There are two ways how to handle this:

  1. Write and use custom functions instead of builtin functions
  2. Let end user fix that with proper locale

Option 1. is used in some CMS/CMF (like Drupal), PW (Ryan) opted for option 2. After successful login PW perform a test and warning is issued in case of test failure. It is now your responsibility to set proper system locale. The locale is a model and definition of a native-language environment. A locale defines its code sets, date and time formatting conventions, string conversions, monetary conventions, decimal formatting conventions, and collation (sort) order. Those "problematic" builtin PHP functions are locale aware, that means they work as expected, if locale is configured appropriately. 

Locale can be set by the underlying operating system or in PHP. Because on shared hosting you don't usually have root access to the OS, the only option to set the locale is by using the builtin setlocale() PHP function. But, before you can use/set the locale, it must first be installed on the OS. On most unix systems at least some basic locales are already there, they are just not used. To check what locale are you currently using and what locales are available for you to use, create the file testlocale.php at the root of your website with the following content:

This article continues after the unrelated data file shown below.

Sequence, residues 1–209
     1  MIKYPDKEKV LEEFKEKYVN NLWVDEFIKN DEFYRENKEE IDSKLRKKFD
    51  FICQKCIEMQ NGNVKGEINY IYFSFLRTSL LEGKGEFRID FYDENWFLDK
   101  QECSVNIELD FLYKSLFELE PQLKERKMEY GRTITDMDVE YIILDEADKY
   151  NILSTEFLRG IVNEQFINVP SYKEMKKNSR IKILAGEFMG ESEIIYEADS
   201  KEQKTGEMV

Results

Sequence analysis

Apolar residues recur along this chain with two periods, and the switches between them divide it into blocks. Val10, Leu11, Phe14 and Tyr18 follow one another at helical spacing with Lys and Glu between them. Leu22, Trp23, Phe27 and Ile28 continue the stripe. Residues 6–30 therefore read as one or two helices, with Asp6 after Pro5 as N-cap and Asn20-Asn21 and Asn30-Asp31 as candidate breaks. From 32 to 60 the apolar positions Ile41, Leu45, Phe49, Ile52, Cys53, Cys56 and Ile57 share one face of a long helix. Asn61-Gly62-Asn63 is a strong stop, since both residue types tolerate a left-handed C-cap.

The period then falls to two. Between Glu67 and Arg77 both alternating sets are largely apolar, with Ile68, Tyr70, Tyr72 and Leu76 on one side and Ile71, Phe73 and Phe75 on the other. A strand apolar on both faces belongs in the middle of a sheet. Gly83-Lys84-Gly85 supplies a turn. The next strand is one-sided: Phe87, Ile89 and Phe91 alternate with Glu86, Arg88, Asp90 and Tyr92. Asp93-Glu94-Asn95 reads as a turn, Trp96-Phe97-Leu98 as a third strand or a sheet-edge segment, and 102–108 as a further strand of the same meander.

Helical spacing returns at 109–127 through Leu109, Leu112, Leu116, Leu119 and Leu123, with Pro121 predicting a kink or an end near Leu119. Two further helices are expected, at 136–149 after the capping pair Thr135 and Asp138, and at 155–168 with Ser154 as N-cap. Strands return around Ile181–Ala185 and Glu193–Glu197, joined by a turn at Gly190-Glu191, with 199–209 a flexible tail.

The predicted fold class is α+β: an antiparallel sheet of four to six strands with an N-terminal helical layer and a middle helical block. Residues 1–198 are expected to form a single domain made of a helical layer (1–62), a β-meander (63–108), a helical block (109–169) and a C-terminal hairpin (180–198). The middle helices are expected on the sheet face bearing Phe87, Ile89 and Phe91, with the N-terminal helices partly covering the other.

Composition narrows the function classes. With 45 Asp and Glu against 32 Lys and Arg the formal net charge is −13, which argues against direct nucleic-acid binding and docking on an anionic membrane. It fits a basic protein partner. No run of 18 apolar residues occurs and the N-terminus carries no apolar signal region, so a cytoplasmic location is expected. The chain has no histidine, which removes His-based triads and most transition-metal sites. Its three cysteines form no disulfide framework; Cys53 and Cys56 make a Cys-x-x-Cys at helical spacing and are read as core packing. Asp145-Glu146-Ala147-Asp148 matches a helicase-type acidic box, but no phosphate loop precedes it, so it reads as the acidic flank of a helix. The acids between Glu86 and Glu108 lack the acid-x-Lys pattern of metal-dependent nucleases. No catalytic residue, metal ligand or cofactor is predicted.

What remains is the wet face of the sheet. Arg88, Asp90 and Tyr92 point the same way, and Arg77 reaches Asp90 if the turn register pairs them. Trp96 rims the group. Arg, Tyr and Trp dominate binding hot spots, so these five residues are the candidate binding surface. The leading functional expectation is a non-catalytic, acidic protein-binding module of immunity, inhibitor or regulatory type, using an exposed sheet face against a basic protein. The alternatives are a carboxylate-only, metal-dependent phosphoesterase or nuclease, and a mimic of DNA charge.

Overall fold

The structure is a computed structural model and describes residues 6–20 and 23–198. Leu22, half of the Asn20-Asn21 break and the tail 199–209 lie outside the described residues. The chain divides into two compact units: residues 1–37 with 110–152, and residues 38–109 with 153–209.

<?php
    echo "<pre>Current locale:\n"
    var_dump(setlocale(LC_ALL, '0'));
    echo "\n\nAvailable locales:\n";
    echo exec('locale -a'); 

Then point your browser to http://yourwebsite/testlocale.php

If your current locale is "C" (and you are on unix), then you will probably get warning after login to the PW admin. What you want to do is change the locale to something that has "UTF-8" or "utf8" in the name of the available locales. In your case you would be looking for something like "sv_SE.UTF-8" or "sv_SE.utf8". Now, there is a chance that Swedish locale is not installed. You can ask your hosting provider to install it for you or use some other UTF-8 locale. On most unix systems I have seen, at least "en_US.UTF-8" or "en_US.utf8" is installed. If even that English locale is not available, then look for "C.UTF-8" or "C.utf8". And this is what you have to use as parameter in the setlocale() call: